When someone you love begins showing signs of dementia, it’s important to help that person feel safe and calm.
Good communication is an effective tool in curbing agitation and other behavioral problems that go along with memory impairment, says Morgen Hartford, a social worker who works with families as a programs manager at the Tucson-based Desert Southwest chapter of the national Alzheimer’s Association.
Keep reminding yourself to exercise compassion, empathy and patience, Hartford says. If you become frustrated, take a time out for yourself.
“Know that they may not remember going to the grocery store and you will have to tell them again and again,” he says.
Here are some tips for interacting with someone who has dementia:
Someone with dementia has distorted thinking and often has delusions that leave them convinced things are a certain way. That could mean thinking that someone who is dead is alive, or that it’s a different year, and that they are a different age.
“Arguing with the person will often make the situation worse,” Hartford says.
Also, exercise patience with outbursts — that is the illness talking, not the person, officials with the National Institute on Aging advise.
Step into their world.
A person with dementia might say something that is not true — perhaps that they are leaving on a trip or that someone is on their way to pick them up.
Hartford advises trying to validate the feeling behind the statement.
“You could say, ‘I understand you are expecting a ride. Why don’t you come with me and wait until your ride gets here?’” Hartford says. “Step into their world and go along with them. The way their brain is changing, trying to explain why something is a certain way or not is not very fruitful.”
If your grandmother thinks you are her long dead cousin, for example, sometimes it’s better to go along with it. People with dementia can forget their relationships with their spouses and other family members.
“It can be emotionally challenging and really hard,” Hartford says. “But often it is not hard for the person with dementia.”
Avoid the phrase, ‘Don’t you remember?’
“Even if we’ve met 30 times, I always introduce myself: ‘My name is Morgen and we met last week and had a chance to visit’, ” Hartford says. “Saying, ‘don’t you remember?’ is not a good phrase. They get put on the spot and can get stressed. Getting stressed can make their memory worse.”
As for reminding someone that they have dementia, in some cases that is not a problem. But other people don’t know anything is wrong with them and telling them could upset them and make things worse, Hartford says.
Try not to change your tone of voice when talking to someone with dementia. Avoid baby voices and baby talk.
Age is the primary risk factor for Alzheimer’s and people over age 65 have led accomplished, rich lives. “To infantilize them disregards all their life accomplishments up until that time,” Hartford says.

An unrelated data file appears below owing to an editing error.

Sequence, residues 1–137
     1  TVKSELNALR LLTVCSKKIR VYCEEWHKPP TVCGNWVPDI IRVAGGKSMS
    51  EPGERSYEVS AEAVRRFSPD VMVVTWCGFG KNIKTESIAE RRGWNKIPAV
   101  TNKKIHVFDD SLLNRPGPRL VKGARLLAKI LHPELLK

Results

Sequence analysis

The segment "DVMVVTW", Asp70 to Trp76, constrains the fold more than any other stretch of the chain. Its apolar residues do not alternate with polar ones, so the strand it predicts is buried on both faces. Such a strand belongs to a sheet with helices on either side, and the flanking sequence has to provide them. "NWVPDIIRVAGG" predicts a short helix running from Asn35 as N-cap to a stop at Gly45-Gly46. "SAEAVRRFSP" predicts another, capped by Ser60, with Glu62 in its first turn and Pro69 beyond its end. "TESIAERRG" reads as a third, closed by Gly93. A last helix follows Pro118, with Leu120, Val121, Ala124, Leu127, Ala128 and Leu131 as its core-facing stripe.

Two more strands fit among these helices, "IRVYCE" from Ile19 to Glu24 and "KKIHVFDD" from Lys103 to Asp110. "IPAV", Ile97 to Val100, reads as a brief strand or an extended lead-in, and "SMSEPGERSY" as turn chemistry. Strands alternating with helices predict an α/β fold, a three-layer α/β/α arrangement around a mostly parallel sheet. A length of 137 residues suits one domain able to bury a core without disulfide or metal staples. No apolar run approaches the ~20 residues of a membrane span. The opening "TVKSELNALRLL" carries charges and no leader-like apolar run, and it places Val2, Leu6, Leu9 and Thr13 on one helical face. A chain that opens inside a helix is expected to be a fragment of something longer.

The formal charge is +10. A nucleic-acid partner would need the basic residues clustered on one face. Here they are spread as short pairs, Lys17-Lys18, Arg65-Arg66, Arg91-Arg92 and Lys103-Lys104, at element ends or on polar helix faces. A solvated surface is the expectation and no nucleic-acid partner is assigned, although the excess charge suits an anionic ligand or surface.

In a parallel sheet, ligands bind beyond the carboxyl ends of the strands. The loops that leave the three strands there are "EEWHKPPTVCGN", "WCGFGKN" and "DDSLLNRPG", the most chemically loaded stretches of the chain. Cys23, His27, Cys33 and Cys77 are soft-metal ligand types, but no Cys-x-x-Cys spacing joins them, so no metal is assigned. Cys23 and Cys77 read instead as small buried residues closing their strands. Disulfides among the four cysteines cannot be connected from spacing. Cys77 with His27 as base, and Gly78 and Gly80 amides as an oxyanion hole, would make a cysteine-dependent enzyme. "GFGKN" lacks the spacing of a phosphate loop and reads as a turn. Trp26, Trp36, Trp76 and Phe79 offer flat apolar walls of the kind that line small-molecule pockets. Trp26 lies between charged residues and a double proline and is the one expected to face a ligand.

“Especially in the early stages, often there is an awareness that changes are happening and honoring their dignity and personhood can be really so important. They are still people with feelings, and are sometimes more sensitive because their reasoning and judgment can be impaired.”
Keep thoughts and directions short and simple. It’s OK to repeat yourself several times. If you do repeat yourself, do it in the exact same way — don’t change the words or tone.
“They don’t always get the whole picture. You may say a sentence and they may only process part of it. Say it a second time and they may catch the second part of it,” Hartford says.
If someone is repeating that they are about to do something that might be harmful to themselves like taking a bus trip alone, move the conversation in a different direction.
You could say that you also love to travel by bus and talk about the most recent place you visited. Then act as a guide for the conversation.
Offer concrete examples.
Non-verbal communication with gestures is very important. Often asking someone if they want a drink just might not compute.
When someone has dementia, their abstract thinking is often impaired. Asking, “Are you thirsty?” might be too abstract. Instead, if you have a water bottle, hold it up and say, “Here, have a drink,” or “Do you want a drink?” Hartford says.
Ask permission to help the person communicate.
If someone is mixing up words or forgetting them, ask if it’s OK for you to help.
“Ask them, ‘If you forget, is it OK if I fill in with you, or if I guess?’ ” Hartford says. “Some people will be OK with it, some won’t.”
Communicate at eye level with limited distractions.
Looking down at someone can make them feel suspicious or anxious and can change the power dynamic, Hartford says. The aim is to level the playing field.
“We’re dealing typically with older adults who have changes in hearing,” Hartford says. “They may really rely on reading lips, talking face-to-face.”
Also, limit distractions that people with dementia can have a hard time tuning out. A television, radio or air conditioning unit can be distracting. Get into a quiet space when you want to communicate.
Tell your loved one that it’s OK they forgot and it’s not their fault.
“Reassure the person that it’s going to be OK,” Hartford says. “They want to know they are safe and they are going to be well cared for. Just like anyone wants to be reassured. It goes back to validating — ‘I know you are scared and I am here to help.’”
The National Institute on Aging suggests showing a warm, loving matter-of-fact manner and to hold the person’s hand while you talk.